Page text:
-Much better than Pride and Prejudice. Maybe not in all ways. Its construction is obviously rougher. But the story is more fun.
-Mr. Tilney is vastly more amusing than Mr. Darcy. Especially how he's always making fun of her and his sister as a sign of affection. And that story he told her to freak her out. That was excellent.
-I think that the reasons I appreciate it are the same ones that make it one of the least popular of Jane Austen's books. Because it's kind of goofy and fun, but still about real things and real drama. As opposed to many of the others, which are so stereotypically romantic. They're straight up chick-flick drama from beginning to end. (Although, I suppose she did sort of help to create the stereotype...) Some people like that, but I can only handle so much.
-I did roll my eyes when she spent a chapter in lecturing us about how novelists work just as hard as any other kind of writer, and ought to be given much more respect. Sure, it might be true, but no one likes to be preached to in the middle of a story.
-I haven't ever seen the movies of it. (Hence my not knowing a single thing about the plot before hand.) I'm now wondering if they are any good at all, or if they tried to make them just as stereotypical (IE serious and romantic) as the others.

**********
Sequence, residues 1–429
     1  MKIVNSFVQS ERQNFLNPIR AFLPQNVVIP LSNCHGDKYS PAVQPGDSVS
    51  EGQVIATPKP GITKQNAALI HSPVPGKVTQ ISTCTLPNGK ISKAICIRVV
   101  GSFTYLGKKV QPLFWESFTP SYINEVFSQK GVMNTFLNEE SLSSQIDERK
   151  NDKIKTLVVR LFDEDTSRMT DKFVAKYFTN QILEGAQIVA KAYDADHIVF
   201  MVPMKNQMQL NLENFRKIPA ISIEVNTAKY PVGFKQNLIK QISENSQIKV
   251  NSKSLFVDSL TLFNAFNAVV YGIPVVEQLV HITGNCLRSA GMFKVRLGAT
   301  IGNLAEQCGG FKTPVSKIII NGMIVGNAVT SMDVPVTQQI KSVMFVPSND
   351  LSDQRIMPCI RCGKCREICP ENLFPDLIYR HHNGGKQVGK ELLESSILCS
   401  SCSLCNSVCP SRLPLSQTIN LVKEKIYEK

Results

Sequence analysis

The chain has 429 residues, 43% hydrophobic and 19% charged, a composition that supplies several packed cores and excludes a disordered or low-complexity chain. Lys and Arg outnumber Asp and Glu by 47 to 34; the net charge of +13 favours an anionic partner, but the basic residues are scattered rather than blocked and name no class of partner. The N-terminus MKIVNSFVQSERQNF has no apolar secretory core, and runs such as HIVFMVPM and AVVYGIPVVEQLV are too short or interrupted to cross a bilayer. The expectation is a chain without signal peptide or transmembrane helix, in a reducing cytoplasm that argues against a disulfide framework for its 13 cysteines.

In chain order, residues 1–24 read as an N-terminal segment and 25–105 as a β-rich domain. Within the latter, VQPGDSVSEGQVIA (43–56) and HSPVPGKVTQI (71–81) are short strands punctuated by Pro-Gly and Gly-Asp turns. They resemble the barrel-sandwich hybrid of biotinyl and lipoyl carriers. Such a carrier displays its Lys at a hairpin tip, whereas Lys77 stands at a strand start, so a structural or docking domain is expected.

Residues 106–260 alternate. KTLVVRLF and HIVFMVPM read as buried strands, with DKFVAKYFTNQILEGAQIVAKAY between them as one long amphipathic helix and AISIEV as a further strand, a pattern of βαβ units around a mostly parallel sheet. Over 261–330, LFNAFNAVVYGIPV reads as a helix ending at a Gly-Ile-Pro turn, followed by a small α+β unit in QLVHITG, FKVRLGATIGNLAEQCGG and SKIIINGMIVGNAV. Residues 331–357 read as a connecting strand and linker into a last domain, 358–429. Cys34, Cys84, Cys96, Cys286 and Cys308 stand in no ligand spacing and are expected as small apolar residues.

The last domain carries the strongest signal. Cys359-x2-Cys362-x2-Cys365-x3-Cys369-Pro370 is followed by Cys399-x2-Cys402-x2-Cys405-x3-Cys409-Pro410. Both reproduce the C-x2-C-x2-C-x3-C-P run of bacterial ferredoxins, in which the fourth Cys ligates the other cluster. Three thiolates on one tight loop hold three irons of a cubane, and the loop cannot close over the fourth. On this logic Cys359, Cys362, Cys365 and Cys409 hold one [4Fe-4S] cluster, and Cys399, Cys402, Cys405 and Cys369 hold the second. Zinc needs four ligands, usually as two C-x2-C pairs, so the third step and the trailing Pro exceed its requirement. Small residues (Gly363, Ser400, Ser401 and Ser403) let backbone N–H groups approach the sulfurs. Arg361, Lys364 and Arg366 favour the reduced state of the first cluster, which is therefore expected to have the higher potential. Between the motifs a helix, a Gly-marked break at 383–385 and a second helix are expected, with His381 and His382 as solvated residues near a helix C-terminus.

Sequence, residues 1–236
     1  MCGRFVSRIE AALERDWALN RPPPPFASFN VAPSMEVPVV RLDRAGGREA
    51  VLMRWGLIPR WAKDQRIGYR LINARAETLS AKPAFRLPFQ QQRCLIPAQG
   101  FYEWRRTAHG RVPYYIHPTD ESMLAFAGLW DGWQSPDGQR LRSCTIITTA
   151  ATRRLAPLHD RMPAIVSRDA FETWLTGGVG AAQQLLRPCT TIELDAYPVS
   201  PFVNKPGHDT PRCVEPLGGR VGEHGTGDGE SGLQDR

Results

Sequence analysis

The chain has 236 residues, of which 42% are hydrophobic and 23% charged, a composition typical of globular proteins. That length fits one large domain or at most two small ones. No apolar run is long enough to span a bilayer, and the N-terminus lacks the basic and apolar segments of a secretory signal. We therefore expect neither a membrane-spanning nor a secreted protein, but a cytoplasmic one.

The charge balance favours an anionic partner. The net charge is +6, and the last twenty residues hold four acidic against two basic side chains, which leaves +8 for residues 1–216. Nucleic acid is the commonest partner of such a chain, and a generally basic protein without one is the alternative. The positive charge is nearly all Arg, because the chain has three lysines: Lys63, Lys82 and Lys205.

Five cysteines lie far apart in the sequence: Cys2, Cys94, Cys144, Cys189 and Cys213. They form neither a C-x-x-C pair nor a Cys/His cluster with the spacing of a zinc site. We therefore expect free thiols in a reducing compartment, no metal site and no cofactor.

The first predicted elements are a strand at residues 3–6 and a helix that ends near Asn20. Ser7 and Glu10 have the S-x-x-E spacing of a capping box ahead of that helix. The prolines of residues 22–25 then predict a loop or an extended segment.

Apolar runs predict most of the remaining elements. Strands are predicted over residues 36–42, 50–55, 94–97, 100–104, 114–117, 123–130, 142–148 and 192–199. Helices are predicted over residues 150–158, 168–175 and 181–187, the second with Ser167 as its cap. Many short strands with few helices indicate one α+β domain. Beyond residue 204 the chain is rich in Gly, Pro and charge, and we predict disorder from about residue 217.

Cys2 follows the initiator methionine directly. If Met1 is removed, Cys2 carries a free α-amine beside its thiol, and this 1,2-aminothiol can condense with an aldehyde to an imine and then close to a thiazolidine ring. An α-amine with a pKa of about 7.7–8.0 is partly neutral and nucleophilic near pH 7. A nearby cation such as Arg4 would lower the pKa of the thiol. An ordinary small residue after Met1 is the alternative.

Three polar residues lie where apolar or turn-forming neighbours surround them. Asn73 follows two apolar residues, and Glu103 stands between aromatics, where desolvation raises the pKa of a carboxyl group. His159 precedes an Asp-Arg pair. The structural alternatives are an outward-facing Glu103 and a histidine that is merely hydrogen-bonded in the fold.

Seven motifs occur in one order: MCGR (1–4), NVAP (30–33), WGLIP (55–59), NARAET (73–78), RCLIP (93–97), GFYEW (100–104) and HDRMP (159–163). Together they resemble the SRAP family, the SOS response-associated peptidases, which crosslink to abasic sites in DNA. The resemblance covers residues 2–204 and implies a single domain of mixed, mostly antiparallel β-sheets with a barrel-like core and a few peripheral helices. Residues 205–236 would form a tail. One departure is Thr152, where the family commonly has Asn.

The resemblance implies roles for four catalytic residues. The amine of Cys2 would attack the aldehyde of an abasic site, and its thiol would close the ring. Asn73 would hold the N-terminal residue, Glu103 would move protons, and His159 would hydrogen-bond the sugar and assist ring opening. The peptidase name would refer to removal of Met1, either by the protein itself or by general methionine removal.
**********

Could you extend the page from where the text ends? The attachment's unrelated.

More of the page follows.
-The heroine is a tomboy with an overactive imagination, who liked to play cricket as a child instead of learning to play the piano. Who reads gothic horror novels. Who takes 3/4 of the story to start to pick up on common social nuances. I can't even describe to you how much I relate to this.
-Back to the overactive imagination... I have done that so many times. Not searched for ancient letters in a strange wardrobe, specifically. But sat there in the dark unable to sleep because my brain keeps making up more and more freaky stuff. But in her case, it was funny. Not rolling eyes funny, but amusing and relatable funny.
-Teenagers haven't changed a bit in 200 years.
-On principle, I refuse to marry a guy who is solemn and proper. Which rules out Mr. Darcy, Colonel Brandon, and, well, basically all of the other Jane Austen main guy crushes. Leaving Tilney as the sole main guy with any sense of humor at all.
- Hugh Dancy was right. In the movie of The Jane Austen Book Club, his character (which incidentally is also a dorky, but sweet and funny guy) says that the Mysteries of Udolpho sounded so cool and interesting that he read it too. I agree. It sounds really cool, (it was probably the conjecturing about a skeleton behind a mysterious black veil that did it for me) and I do plan to read it at some point. Sadly, the Provo Library doesn't carry it.
Well, those are my initial thoughts. That's all for now, folks. Especially considering that I have to get up in 5 hours. (Blech.)